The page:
Folk & Knife

CATEGORY | RECIPE

Feta & Herb Guacamole

feta and herb guacamole

For a Mediterranean twist on a Mexican favorite, make this aromatic dip for your next Greek- or Italian-inspired dinner.

Your favorite summer dip just got a makeover. This summer, the “guac” is putting on it’s Mediterranean sandals and dancing to a new groove: feta and herb guacamole.

I can guess what you’re thinking: “Why change a good thing?”

Yes, the O.G. guacamole is the life of the party in the summer, but that doesn’t mean it can’t adapt to different parties and tastes. Chances are you know someone who doesn’t love spicy food – especially the raw garlic in traditional guac. Therefore, why not create a variation that satisfies both guacamole lovers and non-spicy eaters?

Or can I entertain you with this idea: “Why not both?”

A new spin on a classic.

Guacamole originated from the Aztecs as “ahuaca-mulli,” which translates to “avocado sauce” or “avocado mixture”. They used the same ingredients often found in guacamole today – garlic, spices and wild onions. European conquistadors loved the dish and attempted to bring it back to their home countries.

But like other American staples (chocolate and corn), avocados could not grow well on European lands. In Spain and Italy, many tried to supplement avocados with other fruits or ingredients, but none could compare.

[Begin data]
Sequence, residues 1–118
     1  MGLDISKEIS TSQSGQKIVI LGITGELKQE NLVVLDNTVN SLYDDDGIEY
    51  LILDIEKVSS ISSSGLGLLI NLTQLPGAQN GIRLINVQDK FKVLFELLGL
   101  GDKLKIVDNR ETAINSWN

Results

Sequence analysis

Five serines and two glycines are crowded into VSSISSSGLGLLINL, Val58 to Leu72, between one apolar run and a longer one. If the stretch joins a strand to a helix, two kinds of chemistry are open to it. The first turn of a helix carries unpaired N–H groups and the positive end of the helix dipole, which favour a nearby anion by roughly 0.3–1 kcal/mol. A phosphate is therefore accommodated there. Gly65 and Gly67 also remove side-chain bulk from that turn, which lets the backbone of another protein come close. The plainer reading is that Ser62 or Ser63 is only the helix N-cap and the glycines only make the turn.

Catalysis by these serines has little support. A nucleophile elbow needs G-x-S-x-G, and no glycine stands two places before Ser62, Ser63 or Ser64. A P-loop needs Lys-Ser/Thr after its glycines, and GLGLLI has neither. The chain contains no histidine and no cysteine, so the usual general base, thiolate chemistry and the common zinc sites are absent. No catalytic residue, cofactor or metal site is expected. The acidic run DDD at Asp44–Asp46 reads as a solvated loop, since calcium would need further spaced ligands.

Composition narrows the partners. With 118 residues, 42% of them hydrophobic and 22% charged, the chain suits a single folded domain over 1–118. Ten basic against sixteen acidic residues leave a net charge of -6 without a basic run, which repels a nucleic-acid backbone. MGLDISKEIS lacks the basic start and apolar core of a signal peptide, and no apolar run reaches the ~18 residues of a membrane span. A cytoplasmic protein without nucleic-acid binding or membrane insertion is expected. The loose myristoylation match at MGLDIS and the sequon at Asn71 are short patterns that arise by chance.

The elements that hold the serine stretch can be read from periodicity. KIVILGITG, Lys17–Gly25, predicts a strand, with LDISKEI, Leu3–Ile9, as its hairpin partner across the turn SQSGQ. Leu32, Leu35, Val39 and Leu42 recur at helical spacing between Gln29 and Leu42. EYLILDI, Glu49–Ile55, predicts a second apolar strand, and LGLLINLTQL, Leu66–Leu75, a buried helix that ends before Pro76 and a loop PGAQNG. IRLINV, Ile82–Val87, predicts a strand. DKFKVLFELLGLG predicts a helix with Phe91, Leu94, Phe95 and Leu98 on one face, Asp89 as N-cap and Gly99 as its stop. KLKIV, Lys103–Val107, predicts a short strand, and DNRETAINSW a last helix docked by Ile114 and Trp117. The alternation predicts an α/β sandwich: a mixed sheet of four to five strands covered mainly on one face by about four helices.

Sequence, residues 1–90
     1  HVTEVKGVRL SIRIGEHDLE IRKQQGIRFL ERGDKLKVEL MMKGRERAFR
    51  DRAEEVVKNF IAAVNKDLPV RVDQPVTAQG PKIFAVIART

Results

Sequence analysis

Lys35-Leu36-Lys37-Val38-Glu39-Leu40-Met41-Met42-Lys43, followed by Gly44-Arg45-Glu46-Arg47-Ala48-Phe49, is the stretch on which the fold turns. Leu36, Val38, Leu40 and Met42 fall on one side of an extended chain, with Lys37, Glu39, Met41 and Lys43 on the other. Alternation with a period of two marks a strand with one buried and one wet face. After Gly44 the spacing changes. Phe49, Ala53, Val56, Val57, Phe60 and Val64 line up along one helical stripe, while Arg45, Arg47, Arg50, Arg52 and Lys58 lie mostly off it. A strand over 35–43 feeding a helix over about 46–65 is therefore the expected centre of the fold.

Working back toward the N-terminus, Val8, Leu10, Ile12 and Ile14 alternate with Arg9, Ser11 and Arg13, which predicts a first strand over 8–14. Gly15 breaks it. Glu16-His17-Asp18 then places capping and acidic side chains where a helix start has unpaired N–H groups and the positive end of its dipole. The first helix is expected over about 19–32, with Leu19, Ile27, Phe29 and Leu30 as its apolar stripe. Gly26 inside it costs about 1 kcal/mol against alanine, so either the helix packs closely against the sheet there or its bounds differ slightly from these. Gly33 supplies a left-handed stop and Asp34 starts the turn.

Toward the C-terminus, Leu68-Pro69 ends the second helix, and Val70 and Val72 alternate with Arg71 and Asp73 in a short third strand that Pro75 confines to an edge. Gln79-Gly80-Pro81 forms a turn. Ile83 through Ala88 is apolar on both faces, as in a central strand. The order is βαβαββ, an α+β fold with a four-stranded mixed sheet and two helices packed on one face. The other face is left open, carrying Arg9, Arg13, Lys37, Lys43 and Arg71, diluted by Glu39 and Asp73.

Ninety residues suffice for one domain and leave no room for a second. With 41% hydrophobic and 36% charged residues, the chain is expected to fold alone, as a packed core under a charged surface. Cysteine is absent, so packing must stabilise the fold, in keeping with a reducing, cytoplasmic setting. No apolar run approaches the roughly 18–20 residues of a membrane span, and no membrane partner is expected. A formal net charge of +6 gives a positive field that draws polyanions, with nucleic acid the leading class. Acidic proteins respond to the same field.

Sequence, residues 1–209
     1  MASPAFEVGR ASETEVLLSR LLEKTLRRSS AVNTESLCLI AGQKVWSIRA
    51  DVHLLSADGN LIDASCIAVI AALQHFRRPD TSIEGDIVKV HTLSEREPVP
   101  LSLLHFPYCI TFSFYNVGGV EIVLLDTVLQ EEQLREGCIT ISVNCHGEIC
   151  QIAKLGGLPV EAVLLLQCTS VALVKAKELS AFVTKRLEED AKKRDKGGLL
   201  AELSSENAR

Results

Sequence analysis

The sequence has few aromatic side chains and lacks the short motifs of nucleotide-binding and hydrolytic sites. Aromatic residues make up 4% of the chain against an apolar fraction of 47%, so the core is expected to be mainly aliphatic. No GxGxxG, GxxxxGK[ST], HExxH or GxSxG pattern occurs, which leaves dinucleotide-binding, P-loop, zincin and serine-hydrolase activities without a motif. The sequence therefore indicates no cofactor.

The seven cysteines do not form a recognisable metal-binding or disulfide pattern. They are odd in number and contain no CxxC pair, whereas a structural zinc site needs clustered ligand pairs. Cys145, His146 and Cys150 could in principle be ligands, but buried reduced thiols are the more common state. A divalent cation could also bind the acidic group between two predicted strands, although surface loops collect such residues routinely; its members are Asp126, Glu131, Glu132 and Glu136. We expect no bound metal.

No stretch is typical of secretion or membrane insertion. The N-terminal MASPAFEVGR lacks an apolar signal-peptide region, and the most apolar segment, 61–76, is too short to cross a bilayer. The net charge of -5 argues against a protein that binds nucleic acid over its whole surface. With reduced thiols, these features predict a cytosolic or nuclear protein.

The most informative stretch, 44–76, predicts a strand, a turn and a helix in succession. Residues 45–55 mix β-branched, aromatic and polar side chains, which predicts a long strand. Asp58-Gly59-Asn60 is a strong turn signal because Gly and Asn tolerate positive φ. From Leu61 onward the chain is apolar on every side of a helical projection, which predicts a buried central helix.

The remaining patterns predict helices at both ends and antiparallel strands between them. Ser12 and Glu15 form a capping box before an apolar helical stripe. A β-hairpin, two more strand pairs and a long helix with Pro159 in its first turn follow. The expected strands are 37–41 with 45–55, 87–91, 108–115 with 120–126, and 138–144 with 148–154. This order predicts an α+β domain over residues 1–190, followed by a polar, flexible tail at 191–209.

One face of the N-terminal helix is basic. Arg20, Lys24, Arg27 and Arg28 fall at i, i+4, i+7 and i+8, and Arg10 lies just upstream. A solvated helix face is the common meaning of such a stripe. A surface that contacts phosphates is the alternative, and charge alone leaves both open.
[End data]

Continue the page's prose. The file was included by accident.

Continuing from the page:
It wasn’t until the mid 1900s that recipes for “waka’mole” and “huaka’mole” started to surface. Despite marketing efforts to promote the dip as originating from Pacific islands, Americans reclaimed the dip as a side typically served with Mexican and Mediterranean meals later than century.

feta and herb guacamole

What makes it Mediterranean?

If we associate cilantro, tomatoes and onion with the tradition version of Mexican guacamole (all native to the Americas when we consider wild onion), what then is its Mediterranean counterpart?

Enter, feta and herb guacamole. Feta, an indisputably Greek cheese first mentioned in the Odyssey, combined with a mix of fragrant herbs delivers that touch of saltiness and aroma common to food around the Mediterranean Sea. Furthermore, this version pairs far better with your Greek salad than a bowl of garlic and cilantro-scented guacamole will.

My suggestion: Go all-in on the Greek theme. Serve this spread with crostini, drizzle with olive oil, and top with a Kalamata olive for a tasty appetizer.

feta and herb guacamole

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